|Nevada County, California|
Location in the state of California
California's location in the U.S.
974 sq mi (2,523 km²)
958 sq mi (2,481 km²)
17 sq mi (44 km²), 1.73%
96/sq mi (37/km²)
- 1 History
- 2 Geography
- 3 Cities and towns
- 4 Transportation Infrastructure
- 5 Demographics
- 6 Politics
- 7 Interesting facts
- 8 Books
- 9 See also
- 10 External links
History[edit | edit source]
Geography[edit | edit source]
The western part of the county is defined by the course of several rivers and the irregular boundaries of adjoining counties. When the county was created, the founders wanted to include access to the transcontinental railroad, so a rectangular section was added that includes the railroad town of Truckee. What is remarkable about this is that the final shape of the county closely resembles the Deringer pocket pistol, a favorite at the time of the more urbane residents of this gold rush county.
Cities and towns[edit | edit source]
Cities over 10,000 population[edit | edit source]
Cities under 10,000 population[edit | edit source]
Towns over 10,000 population[edit | edit source]
Towns under 10,000 population[edit | edit source]
Adjacent Counties[edit | edit source]
Transportation Infrastructure[edit | edit source]
Major Highways[edit | edit source]
- Interstate 80
- California State Route 20
- California State Route 49
- California State Route 89
- California State Route 174
Public Transportation[edit | edit source]
- Gold Country Stage runs bus service in Grass Valley, Nevada City, Cedar Ridge and Colfax. A connection is available between Grass Valley and Auburn (Placer County).
- Tahoe Area Rapid Transit, operated by Placer County, has a route connecting Truckee with Lake Tahoe and the state of Nevada. Truckee also has its own local bus service.
- Greyhound and Amtrak stop in Truckee and Colfax.
Airports[edit | edit source]
Nevada County Air Park is a general aviation airport located just east of Grass Valley.
Demographics[edit | edit source]
As of the census² of 2000, there were 92,033 people, 36,894 households, and 25,936 families residing in the county. The population density was 37/km² (96/sq mi). There were 44,282 housing units at an average density of 18/km² (46/sq mi). The racial makeup of the county was 93.39% White, 0.28% Black or African American, 0.88% Native American, 0.78% Asian, 0.09% Pacific Islander, 1.94% from other races, and 2.64% from two or more races. 5.65% of the population were Hispanic or Latino of any race. 94.0% spoke English and 4.2% Spanish as their first language.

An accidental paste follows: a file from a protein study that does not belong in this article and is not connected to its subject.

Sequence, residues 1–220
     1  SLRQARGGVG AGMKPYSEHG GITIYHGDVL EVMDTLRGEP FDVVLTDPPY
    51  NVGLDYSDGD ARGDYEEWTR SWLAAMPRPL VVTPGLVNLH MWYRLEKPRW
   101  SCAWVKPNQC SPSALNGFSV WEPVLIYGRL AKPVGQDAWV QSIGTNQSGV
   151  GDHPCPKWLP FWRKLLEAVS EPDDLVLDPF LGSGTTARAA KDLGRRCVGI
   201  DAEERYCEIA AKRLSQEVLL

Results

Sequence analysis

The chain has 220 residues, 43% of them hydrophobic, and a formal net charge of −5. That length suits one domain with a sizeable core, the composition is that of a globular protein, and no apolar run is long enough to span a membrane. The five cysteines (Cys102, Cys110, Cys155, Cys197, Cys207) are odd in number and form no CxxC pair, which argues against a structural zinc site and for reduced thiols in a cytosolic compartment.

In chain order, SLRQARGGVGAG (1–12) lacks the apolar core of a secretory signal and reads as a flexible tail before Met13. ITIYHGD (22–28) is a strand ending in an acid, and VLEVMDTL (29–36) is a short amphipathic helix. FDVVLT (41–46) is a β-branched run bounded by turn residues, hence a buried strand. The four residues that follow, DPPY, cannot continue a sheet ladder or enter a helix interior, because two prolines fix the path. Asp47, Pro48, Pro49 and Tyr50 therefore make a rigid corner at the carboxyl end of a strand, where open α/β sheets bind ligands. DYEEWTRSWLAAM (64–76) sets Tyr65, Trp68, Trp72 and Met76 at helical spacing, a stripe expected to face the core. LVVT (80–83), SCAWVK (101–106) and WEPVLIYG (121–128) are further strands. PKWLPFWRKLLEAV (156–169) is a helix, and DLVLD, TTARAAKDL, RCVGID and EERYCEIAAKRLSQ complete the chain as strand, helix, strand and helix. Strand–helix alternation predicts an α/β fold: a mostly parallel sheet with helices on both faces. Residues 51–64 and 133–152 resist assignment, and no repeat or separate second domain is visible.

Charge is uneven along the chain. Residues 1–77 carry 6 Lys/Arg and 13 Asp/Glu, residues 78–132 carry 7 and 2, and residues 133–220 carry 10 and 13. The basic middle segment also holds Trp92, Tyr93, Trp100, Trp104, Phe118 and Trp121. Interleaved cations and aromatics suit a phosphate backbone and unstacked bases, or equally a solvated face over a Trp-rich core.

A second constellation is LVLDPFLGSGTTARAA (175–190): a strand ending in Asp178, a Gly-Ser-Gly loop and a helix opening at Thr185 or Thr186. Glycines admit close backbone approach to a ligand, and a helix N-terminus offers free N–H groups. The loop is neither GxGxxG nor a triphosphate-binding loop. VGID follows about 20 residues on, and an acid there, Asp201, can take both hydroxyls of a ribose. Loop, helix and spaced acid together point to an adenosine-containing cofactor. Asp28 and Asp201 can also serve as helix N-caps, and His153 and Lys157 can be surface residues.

There were 36,894 households out of which 28.7% had children under the age of 18 living with them, 57.6% were married couples living together, 8.8% had a female householder with no husband present, and 29.7% were non-families. 22.8% of all households were made up of individuals and 9.8% had someone living alone who was 65 years of age or older. The average household size was 2.47 and the average family size was 2.88.
In the county the population was spread out with 23.1% under the age of 18, 6.1% from 18 to 24, 24.1% from 25 to 44, 29.3% from 45 to 64, and 17.4% who were 65 years of age or older. The median age was 43 years. For every 100 females there were 98.3 males. For every 100 females age 18 and over, there were 94.7 males.
The median income for a household in the county was $45,864, and the median income for a family was $52,697. Males had a median income of $40,742 versus $27,173 for females. The per capita income for the county was $24,007. About 5.5% of families and 8.1% of the population were below the poverty line, including 9.5% of those under age 18 and 4.9% of those age 65 or over.
Politics[edit | edit source]
|2004||53.4% 28,790||44.9% 24,220||1.7% 910|
|2000||54.8% 25,998||37.2% 17,670||8.0% 3,811|
|1996||50.4% 22,784||35.6% 15,369||14.0% 6,066|
|1992||39.2% 17,343||34.9% 15,433||25.9% 11,425|
|1988||57.8% 21,383||40.5% 14,980||1.8% 660|
|1984||62.4% 19,809||35.2% 11,198||2.4% 761|
|1980||57.9% 15,207||29.0% 7,605||13.1% 3,449|
|1976||48.4% 8,170||46.9% 7,926||4.67 785|
|1972||54.7% 8,004||38.9% 5,693||6.4% 941|
|1968||51.4% 6,061||39.1% 4,607||9.5% 1,126|
|1964||43.3% 4,899||56.5% 6,397||0.2% 22|
|1960||53.4% 5,419||45.7% 4,633||0.9% 89|
Nevada is part of California's 4th congressional district, which is held by Republican John Doolittle. In the state legislature Nevada is in the 3rd Assembly district, which is held by Republican Rick Keene, and the 1st Senate district, which is held by Republican Dave Cox.